Fort Mims massacre
Revision as of 17:06, 30 August 2009 by Admin
|Fort Mims massacre|
|Part of Creek War|
| Creek Indians
| Peter McQueen
| Daniel Beasley|
|750 to 1,000 Red Stick Creek|| 265 militia|
275 non combatants
|Casualties and losses|
|200 killed||517 killed|
The Fort Mims massacre occurred on August 30, 1813, when a force of Creeks, belonging to the "Red Sticks" faction under the command of Peter McQueen and William Weatherford "Red Eagle", his cousin by marriage, killed hundreds of settlers, mixed-blood Creeks, and militia in Fort Mims.
At the start of the Creek Civil War, settlers north of Mobile, Alabama, particularly mixed-blood Creeks from the lower towns, began to take refuge with the American settlers in the stockades of Fort Mims. About 517 settlers, including 265 armed militia, were gathered at Fort Mims, which was located about 35 to 45 miles (50-70 km) north of Mobile on the eastern side of the Alabama River.
Upon learning that Peter McQueen's party of Red Sticks were in Pensacola, obtaining arms from the Spanish, Major Daniel Beasley, Captain Dixon Bailey, and Colonel Caller, led a disorganized force to intercept the Red Sticks. The resulting ambush is known as the Battle of Burnt Corn.
Weatherford eventually agreed to take part in the attack, with the hopes of preventing a slaughter of the women and children in the Fort, and to seek vengeance upon his personal enemy, Captain Dixon Bailey. Captain Bailey, a native of the town of Auttose, was a half-breed Creek, who had been educated at Philadelphia under the provisions of the treaty of New York of 1790.
 Impending doom
On August 29, 1813, two African American slaves who were tending cattle outside the stockade reported that "painted warriors" were in the vicinity. However, mounted scouts from the fort found no signs of the war party, and Beasley had the second slave flogged for raising a "false alarm".
 The Attack
Although Major Beasley, the commander, stated that he could "maintain the post against any number of Indians", the stockade was poorly-defended, and at the time of the attack, the East gate was partially blocked open by drifting sand. According to anecdotal evidence the gate was open "...when the officers all got drunk and were playing cards and left the gate open, and it rained and washed the sand in the gate so it could not be shut and Father left with Mother and the children, and the Indians killed all that stayed."
The attack occurred the next day during the mid-day meal, when no American scouts were out. The "Red Sticks" rushed the fort and tomahawked Beasley, who was desperately trying to close the blocked gate. They then seized the loopholes and the outer enclosure. The settlers, under Captain Bailey, held the inner enclosure, and fought on for a time. However, the Red Sticks set fire to a house in the center, which spread to the rest of the stockade.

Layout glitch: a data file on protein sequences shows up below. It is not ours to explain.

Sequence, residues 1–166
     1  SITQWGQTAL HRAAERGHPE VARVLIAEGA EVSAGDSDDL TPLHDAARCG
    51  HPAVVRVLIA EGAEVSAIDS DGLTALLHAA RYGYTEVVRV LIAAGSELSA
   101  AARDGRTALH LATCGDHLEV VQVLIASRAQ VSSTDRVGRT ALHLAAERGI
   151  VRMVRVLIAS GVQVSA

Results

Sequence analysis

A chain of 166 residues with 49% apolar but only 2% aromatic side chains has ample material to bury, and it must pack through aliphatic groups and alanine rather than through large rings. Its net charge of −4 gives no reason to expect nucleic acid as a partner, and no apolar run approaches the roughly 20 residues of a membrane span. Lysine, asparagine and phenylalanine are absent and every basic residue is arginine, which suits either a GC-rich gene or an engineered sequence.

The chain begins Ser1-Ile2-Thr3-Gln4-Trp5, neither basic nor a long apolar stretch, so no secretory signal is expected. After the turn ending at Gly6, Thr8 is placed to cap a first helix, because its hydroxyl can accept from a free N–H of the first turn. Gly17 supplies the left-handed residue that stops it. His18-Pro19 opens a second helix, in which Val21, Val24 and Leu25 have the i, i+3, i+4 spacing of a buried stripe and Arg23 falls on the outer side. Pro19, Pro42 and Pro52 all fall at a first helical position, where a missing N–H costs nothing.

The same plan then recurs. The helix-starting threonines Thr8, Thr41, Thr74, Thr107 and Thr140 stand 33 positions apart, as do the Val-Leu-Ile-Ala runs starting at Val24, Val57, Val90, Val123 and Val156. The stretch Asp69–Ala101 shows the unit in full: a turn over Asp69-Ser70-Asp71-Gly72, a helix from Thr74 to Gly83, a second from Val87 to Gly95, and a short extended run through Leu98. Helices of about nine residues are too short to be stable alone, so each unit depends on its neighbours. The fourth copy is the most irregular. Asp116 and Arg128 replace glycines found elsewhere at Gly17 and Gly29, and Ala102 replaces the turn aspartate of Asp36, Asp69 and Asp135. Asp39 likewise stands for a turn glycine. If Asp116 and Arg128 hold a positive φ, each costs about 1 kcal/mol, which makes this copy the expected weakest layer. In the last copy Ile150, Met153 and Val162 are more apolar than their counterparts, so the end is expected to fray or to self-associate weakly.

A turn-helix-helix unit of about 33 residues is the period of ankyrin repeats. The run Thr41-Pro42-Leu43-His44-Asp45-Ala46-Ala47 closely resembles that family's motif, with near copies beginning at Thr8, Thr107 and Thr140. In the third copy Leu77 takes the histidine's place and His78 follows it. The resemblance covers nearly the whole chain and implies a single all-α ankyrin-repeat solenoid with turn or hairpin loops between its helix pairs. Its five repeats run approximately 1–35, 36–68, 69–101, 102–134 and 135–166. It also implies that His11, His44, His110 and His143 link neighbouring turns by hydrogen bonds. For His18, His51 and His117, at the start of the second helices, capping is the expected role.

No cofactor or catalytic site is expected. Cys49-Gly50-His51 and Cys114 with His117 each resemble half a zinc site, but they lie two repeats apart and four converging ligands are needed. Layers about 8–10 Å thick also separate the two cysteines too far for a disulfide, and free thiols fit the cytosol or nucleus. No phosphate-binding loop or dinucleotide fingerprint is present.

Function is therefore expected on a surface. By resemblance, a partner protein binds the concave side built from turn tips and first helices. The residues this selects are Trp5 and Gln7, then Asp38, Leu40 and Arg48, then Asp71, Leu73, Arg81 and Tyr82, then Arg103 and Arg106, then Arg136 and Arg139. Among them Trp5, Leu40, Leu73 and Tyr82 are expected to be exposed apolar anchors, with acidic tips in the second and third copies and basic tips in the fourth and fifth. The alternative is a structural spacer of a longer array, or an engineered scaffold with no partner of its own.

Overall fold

The warriors then forced their way into the inner enclosure and, despite the attempts of William Weatherford, massacred most of the mixed-blood Creeks and white settlers. 500 people were dead, and 250 scalps had been taken. Most of the African Americans were spared, to become slaves of the Red Sticks. About 36 people escaped, including Bailey, who was mortally wounded.
The Red Sticks' victory at Fort Mims spread panic throughout the Southeastern United States frontier. The massacre marked the transition from a civil war within the Creek tribe (Moscoge) to a war between the United States and the Red Stick warriors of the Upper Creek Nation.
Since Federal troops were occupied with the northern front of the War of 1812, Tennessee, Georgia, and the Mississippi Territory mobilized their militias to move against the Upper Creek towns that had supported the Red Sticks' cause. After several battles, the Battle of Horseshoe Bend ended the Creek War.
Today the site is maintained by the Alabama Historical Commission.
- Henry Adams. "History of the United States of America During the Administrations of James Madison" (Library Classics of the United State, Inc. 1986), pp. 780-781 ISBN 0-940450-35-6
- "Creek War" in Heidler, David Stephen and Heidler, Jeanne T. Encyclopedia of the War of 1812, Santa Barbara, Calif. : ABC-CLIO, 1997. ISBN 9780874369687
- John K. Mahon. "The War of 1812" (University of Florida Press 1972) pp. 234-235 ISBN 0-8130-0318-0
- Robert Leckie. "The Wars of America" (Harper and Rowe 1968), p. 275 ISBN 0-06-012571-3
- John Ehle. Trail of Tears The Rise and Fall of the Cherokee Nation (Anchor Books Editions 1989), p. 105 ISBN 0-385-23954-8
- Andrew Burstein. The Passions of Andrew Jackson (Alfred A. Kopf 2003), p. 99 ISBN 0-375-41428-2
- "Weatherford, William (Lamochattee, Red Eagle)" in Thrapp, Dan L. Encyclopedia of frontier biography : in three volumes Lincoln : University of Nebraska Press, 1991.
- Gregory A. Waselkov. "A Conquering Spirit: Fort Mims and the Redstick War of 1813-1814" (University of Alabama Press, 2006) ISBN 0-8173-1491-1
- A map of Creek War Battle Sites from the PCL Map Collection at the Universtity of Texas at Austin.
- A Drawing of Fort Mims
- For an expanded narrative, select The Story at A Short History of the Ft. Mims Massacre of 1813 during the Creek Indian War
- Site about the Creek War including accounts, letters, etc.
- Fort Mims Massacre article, Encyclopedia of Alabama